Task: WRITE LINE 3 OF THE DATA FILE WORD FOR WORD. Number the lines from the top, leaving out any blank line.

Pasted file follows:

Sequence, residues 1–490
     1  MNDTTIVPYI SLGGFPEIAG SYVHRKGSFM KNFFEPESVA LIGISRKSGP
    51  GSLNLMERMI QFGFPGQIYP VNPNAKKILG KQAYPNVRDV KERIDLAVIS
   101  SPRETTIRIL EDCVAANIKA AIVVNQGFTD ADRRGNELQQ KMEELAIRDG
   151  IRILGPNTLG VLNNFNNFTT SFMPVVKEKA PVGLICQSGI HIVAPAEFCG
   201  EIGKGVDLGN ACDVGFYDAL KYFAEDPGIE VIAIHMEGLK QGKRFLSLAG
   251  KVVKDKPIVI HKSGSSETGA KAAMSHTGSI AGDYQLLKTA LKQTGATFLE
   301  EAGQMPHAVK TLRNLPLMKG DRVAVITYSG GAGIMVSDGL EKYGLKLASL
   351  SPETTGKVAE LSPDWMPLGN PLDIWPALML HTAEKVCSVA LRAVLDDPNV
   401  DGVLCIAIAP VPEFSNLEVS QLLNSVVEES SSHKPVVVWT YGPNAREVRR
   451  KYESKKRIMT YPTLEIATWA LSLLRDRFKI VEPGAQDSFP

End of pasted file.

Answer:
    51  GSLNLMERMI QFGFPGQIYP VNPNAKKILG KQAYPNVRDV KERIDLAVIS